by Sarum College Principal James Woodward
This is an appealing and fluent book with a story and a purpose. I read it in one siting on a train from Durham to London and as I passed through York (just under half way through the book) I felt a deep sense of gratitude for the 98th Archbishop of York and this book.
Let me try to explain.
I write as someone who has responsibility for the formation of women and men for lay and ordained leadership in the Church. This generation face a range of complex challenges and opportunities in service of the Kingdom.
The story starts with a chance encounter in a coffee shop on Paddington station when a barista noticing the dog collar asks an open and invitational question – ‘What made you become a priest?’ I suspect given a welcoming smile and time there are many folks who might just want to put us on the spot with a question that cuts through the fluff into something elemental about life and our motivations.
There isn’t quite time to answer the question in full (but the response is pretty impressive) so these 14 carefully organised chapters explore the an invitation to consider the transforming shape of following Jesus Christ.
Accessible and clear Stephen, writes about his motivation
‘I’m writing this because I want to explain to you why I am a Christian and why I’m trying to follow the Christian way’.
What follows is both lucid, profound and challenging even to this seasoned ear and heart. The core claims and questions of the Christian faith are explored. It tells the story of Jesus and the community of faith in the light of Covid, and the present contradictions and challenges of the Church. It is hopeful, real, grounded and heart-full.
What I found helpful about this book is its lack of narrowness, jargon or (I think) the need to defend certain positions. It tells the story and shows how so many individuals and communities have found in The Gospel a ground for hope, comfort and motivation for making the world a better place.
This captures Stephen’s passion –
‘I want to remind us that our primary vocation is to share this story and to tell people about God and God’s vision for the world. There are lots of other things we need to do as well – not least live it out each day – but it has to begin with the story itself: the amazing, inexplicable, challenging and lovely story of what God has done in Jesus Christ to change the course of human history and to win our hearts.’
There are two areas where Dear England speaks generatively into the present moment. The narrative is grounded in the soil of our land – the communities that make up this country and to which Anglicans have a heart and passion to serve. We are invited to consider our relationship to our culture and politics as we ask about the nature of our identity. Our following Jesus overflows into our neighbour and building places where all can flourish.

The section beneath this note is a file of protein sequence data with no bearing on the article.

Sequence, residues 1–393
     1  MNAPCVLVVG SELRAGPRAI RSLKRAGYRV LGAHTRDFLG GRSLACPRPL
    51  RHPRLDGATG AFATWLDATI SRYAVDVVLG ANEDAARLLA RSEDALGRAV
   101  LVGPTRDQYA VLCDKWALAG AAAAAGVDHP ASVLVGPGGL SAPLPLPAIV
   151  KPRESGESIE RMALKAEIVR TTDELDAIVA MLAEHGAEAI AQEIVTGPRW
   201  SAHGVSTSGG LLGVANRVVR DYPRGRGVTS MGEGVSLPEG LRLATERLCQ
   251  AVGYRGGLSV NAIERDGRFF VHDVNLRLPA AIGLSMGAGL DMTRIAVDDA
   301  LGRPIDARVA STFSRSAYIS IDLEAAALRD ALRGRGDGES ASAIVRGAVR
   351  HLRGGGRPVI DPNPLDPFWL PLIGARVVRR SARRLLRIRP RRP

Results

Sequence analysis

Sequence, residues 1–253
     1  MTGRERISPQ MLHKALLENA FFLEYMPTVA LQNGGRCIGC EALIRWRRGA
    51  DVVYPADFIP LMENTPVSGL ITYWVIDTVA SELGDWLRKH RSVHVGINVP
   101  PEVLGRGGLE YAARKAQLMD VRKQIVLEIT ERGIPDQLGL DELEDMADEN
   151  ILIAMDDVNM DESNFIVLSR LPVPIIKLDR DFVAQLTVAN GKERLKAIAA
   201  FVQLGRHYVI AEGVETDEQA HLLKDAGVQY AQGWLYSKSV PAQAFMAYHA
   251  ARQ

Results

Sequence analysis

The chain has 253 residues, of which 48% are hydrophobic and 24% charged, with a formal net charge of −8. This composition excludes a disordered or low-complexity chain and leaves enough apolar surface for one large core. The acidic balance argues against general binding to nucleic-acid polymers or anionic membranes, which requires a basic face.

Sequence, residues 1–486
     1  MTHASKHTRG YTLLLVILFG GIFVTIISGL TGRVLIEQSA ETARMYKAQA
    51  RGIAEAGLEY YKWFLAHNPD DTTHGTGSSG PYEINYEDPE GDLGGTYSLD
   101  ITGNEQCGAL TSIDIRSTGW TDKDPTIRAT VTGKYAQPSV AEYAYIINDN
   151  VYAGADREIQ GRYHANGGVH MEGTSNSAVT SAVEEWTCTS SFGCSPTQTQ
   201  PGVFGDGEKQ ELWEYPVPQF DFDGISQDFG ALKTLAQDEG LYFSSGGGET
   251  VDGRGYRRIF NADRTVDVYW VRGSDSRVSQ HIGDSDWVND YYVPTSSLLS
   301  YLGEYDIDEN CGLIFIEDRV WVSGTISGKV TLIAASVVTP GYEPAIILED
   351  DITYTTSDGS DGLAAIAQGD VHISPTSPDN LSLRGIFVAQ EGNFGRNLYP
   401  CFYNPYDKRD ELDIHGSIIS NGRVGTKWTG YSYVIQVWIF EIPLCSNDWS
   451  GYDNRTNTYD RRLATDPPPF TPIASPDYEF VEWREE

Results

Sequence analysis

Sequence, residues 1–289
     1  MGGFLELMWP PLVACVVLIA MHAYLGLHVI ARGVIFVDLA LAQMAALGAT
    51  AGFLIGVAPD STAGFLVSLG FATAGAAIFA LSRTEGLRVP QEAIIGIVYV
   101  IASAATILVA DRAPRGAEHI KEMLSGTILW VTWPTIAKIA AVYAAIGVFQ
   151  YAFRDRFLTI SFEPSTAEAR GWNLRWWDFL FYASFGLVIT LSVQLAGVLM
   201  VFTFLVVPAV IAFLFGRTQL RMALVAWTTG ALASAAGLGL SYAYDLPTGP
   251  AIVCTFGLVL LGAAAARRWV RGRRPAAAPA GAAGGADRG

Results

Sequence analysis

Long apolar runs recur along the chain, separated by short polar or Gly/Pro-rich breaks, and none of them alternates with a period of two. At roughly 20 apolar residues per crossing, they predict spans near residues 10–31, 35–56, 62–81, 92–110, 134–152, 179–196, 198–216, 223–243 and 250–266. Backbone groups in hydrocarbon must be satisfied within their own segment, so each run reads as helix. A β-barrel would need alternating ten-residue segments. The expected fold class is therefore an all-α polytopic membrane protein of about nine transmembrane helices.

This vision is grounded in our present moment as we ask about the future of the creation, live with a pace of change shaped by technology and modernity. How do we nurture and build belonging that moves beyond faction, tribalism and narrowness? This is a leadership of ideas and reflective wisdom.
It is captured here:
‘This Christian faith that I have found wellsprings of wisdom and delight that can enable all of us to inhabit the world peaceably, and learn again how to tread lightly on an earth we have been plundering for too long.’
The second area is how the nature of the spiritual is addressed and explored. This is worth pondering:
There is in these early chapters an infectious passion for meaning making and the nature of belonging. It makes the text compelling and challenging in equal measure.
Back to Sarum and our work of formation for mission and ministry. Our students are often offered a challenge which I believe is fundamental. Here is the scenario – the student and their Principal walk into the local. The bar person knows about our work of theological learning. While getting the two drinks ready they ask the student “What does salvation mean?” The student has three minutes to capture attention and explain enough to keep them wanting to know more.
We need to be defenders and apologists; storytellers and poets who can find the spiritual pulse and respond. Stephen Cottrell offers a way of exciting passion our evangelisation and faith formation. It is a gift for our discipleship.
However, the invitation to live, respond, serve and nurture passion for Gospel remains ours.
This book is stocked by Church House Bookshop